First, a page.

Diamonds just got much more valuable. Thanks to Australian research, they will soon become “lenses” offering a powerful view of individual molecules and atoms. The ability to do this is at the heart of modern drug and materials research. But current techniques rely on very large and power hungry devices that offer an averaged impression...
NYS Entity Status
NYS Filing Date
SEPTEMBER 23, 2013
NYS DOS ID#
NYS Entity Type
DOMESTIC BUSINESS CORPORATION
2013 - DIAMOND DRUGS II, INC.
AROUND THE WEB
- Diamonds just got even more valuable
By News.com.au - Monday Jul 3, 2017
- Getaway driver guilty of robbery in death of Chinese student
By Associated Press - Friday Aug 18, 2017
SYRACUSE, N.Y. — A getaway driver has been convicted of robbery but acquitted of murder in the drug-deal killing of a Syracuse University student from China. The Post-Standard reports 20-year-old Ninimbe Mitchell faces up to 25 years in prison when he’s sentenced for the robbery of 23-year-old Yuan Xiaopeng. Mitchell would have faced up to...
- A Drug Maker Spends Big in Washington to Make Itself Heard
By JAY HANCOCK, ELIZABETH LUCAS and SYDNEY LUPKIN - Friday Jul 21, 2017
Mallinckrodt’s spending on political donations and lobbying comes as the drug industry as a whole beefs up its Capitol Hill presence.
- Names & Faces: Julio Jones, Curtis Samuel
Wednesday Jul 26, 2017
The Atlanta Falcons’ receiver is paying SCUBA divers to find his diamond earring valued at more than $100,000, which is sitting on the murky bottom of a Georgia lake.WXIA-TV reported that Jones lost it when he hit a boat wake and took a spill while jet skiing in Lake Lanier, about 50 miles outside Atlanta.The divers have been searching the lake bottom, hoping to capture a flashlight’s reflection off the jewelry amid old trees that have been submerged since the man-made lake’s creation in the 1950s.The Carolina Panthers’ rookie was dropped off for his first day at NFL camp in Wofford, S.C., by his mother, Nicole Samuel.According to Panthers reporter Bill Voth, Samuel, who went to Erasmus Hall High in Brooklyn, N.Y., said that “his mom needed the car, so she’s driving it back.”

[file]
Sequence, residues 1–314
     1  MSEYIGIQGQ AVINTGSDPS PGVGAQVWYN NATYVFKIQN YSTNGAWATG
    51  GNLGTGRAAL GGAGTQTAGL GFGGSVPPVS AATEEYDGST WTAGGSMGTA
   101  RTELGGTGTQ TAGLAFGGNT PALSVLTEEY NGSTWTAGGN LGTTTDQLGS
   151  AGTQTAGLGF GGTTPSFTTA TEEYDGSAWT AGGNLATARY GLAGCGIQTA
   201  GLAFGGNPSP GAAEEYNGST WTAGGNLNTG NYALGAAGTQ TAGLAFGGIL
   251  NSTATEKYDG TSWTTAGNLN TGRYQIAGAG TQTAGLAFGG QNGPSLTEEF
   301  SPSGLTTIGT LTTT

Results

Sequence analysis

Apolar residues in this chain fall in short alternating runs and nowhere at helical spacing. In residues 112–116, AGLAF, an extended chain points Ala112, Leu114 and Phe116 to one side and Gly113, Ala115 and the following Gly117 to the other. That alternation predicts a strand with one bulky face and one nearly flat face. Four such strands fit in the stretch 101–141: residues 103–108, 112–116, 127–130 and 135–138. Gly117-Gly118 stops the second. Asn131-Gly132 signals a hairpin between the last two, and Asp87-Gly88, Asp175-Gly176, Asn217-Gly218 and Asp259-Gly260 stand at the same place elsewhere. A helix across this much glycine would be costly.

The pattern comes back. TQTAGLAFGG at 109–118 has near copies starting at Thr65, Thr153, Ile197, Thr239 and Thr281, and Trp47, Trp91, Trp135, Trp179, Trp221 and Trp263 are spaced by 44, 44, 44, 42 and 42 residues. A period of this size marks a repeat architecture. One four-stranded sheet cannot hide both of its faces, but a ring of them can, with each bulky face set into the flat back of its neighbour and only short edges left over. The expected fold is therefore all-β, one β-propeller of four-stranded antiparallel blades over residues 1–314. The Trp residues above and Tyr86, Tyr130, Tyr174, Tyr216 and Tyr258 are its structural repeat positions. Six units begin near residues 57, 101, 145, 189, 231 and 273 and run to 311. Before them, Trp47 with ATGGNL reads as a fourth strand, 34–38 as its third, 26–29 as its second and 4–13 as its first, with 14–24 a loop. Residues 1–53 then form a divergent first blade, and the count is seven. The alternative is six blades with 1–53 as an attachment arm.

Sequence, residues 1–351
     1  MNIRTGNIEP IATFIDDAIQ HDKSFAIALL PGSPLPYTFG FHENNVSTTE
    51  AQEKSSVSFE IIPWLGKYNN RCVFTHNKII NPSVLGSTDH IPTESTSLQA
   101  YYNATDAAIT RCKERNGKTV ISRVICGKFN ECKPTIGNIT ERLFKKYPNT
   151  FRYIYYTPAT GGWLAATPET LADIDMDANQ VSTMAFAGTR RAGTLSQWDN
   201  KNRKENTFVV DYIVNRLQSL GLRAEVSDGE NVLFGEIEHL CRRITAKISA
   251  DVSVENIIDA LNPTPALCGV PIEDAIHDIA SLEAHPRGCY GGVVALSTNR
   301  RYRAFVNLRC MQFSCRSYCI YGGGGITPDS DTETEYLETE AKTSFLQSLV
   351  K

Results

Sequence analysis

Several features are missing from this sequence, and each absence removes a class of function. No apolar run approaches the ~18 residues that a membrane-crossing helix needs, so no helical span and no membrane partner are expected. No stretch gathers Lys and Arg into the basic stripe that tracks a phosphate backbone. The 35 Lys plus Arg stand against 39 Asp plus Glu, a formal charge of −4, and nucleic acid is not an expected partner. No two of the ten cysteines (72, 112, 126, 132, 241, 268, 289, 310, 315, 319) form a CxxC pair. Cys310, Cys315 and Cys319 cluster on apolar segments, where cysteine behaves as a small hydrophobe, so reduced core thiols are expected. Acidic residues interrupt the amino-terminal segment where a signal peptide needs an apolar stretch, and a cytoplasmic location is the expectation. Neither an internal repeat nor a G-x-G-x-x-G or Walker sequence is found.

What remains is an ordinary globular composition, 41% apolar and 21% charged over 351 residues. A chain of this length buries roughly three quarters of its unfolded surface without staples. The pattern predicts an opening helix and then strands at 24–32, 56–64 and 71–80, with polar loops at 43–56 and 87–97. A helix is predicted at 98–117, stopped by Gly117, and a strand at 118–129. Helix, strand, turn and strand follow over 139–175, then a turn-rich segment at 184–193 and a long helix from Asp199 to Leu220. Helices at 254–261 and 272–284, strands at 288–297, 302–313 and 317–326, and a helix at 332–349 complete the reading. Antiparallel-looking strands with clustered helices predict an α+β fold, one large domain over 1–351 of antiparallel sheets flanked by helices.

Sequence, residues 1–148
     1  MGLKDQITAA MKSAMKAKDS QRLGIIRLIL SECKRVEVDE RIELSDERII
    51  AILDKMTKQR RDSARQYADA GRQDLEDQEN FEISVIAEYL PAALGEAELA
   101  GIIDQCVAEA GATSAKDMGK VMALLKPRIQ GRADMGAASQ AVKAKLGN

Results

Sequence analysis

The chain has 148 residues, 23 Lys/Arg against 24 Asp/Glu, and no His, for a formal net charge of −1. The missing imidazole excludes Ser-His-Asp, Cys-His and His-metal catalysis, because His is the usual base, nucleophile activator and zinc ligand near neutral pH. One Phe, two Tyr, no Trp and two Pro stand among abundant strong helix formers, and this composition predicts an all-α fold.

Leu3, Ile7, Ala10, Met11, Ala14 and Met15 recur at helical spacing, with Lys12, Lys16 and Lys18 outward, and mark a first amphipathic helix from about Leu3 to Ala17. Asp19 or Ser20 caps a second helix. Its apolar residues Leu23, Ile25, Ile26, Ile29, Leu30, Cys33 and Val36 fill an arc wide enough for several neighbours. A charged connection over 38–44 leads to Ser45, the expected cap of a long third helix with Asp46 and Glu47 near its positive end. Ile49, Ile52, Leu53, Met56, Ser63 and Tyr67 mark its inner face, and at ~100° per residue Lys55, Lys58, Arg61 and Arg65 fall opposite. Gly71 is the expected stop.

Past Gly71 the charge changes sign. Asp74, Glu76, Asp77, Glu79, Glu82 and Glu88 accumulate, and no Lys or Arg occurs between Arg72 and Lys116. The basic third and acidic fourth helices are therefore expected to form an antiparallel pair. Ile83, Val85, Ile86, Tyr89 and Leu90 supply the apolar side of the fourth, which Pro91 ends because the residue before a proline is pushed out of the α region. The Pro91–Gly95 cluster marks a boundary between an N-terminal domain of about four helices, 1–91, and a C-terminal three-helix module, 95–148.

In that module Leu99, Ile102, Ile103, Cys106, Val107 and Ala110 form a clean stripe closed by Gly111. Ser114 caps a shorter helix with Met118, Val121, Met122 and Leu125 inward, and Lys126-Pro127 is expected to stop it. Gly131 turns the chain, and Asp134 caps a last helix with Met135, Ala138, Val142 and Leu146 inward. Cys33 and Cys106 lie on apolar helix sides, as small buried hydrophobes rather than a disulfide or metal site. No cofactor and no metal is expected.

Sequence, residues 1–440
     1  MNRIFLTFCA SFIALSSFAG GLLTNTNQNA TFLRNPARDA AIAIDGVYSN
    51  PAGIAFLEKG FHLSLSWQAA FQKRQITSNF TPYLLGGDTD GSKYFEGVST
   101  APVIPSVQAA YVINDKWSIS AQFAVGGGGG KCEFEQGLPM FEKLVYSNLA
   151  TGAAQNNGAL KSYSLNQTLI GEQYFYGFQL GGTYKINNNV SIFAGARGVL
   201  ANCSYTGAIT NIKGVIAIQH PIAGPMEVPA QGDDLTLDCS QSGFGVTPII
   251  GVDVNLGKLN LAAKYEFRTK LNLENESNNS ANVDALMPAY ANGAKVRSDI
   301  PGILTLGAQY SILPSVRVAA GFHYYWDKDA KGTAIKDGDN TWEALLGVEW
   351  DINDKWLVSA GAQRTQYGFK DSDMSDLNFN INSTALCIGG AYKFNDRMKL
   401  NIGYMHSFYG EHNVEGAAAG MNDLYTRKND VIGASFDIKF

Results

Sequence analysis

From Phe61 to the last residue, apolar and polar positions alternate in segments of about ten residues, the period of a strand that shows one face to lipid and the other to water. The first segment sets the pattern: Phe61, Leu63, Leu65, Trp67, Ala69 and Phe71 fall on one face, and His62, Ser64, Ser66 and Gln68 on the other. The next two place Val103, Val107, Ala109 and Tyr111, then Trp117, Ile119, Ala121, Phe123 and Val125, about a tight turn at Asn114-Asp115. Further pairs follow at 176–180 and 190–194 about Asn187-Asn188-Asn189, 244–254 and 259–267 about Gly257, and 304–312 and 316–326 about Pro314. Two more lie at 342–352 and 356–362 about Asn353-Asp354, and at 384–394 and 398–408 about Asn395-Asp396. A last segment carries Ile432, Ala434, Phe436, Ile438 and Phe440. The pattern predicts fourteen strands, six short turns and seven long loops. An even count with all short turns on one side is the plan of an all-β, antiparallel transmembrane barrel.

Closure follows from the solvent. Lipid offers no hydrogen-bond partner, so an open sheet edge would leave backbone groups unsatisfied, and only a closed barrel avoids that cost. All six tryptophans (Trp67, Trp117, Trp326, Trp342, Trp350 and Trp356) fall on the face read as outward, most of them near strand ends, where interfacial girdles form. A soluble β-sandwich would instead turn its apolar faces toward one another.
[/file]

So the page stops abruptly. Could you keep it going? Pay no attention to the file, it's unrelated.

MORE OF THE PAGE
- 'It's raining needles': Drug crisis creates pollution threat
By MICHAEL CASEY, Associated Press - Monday Jul 17, 2017
People, often children, risk getting stuck by discarded needles, raising the prospect they could contract blood-borne diseases such as hepatitis or HIV or be exposed to remnants of heroin or other drugs.Needles turn up in places like parks, baseball diamonds, trails and beaches — isolated spots where drug users can gather and attract little attention, and often the same spots used by the public for recreation.Even if adults or children don't get sick, they still must endure an unsettling battery of tests to make sure they didn't catch anything.Rocky Morrison leads a cleanup effort along the Merrimack River, which winds through the old milling city of Lowell, and has recovered hundreds of needles in abandoned homeless camps that dot the banks, as well as in piles of debris that collect in floating booms he recently started setting.[...] it's just raining needles everywhere we go, said Morrison, a burly, tattooed construction worker whose Clean River Project has six boats working parts of the 117-mile (188-kilometer) river.Among the oldest tracking programs is in Santa Cruz, California, where the community group Take Back Santa Cruz has reported finding more than 14,500 needles in the county over the past 4 1/2 years.Others are counting on needle exchange programs, now present in more than 30 states, or the creation of safe spaces to shoot up — already introduced in Canada and proposed by U.S. state and city officials from New York to Seattle.Studies have found that needle exchange programs can reduce pollution, said Don Des Jarlais, a researcher at the Icahn School of Medicine at Mount Sinai hospital in New York.
- Insurers Battle Families Over Costly Drug for Fatal Disease
By KATIE THOMAS - Thursday Jun 22, 2017
The case of Exondys 51 poses emotionally charged issues for families of young boys with a rare illness, who are fighting companies to get coverage for an expensive drug approved on a lower bar of proof.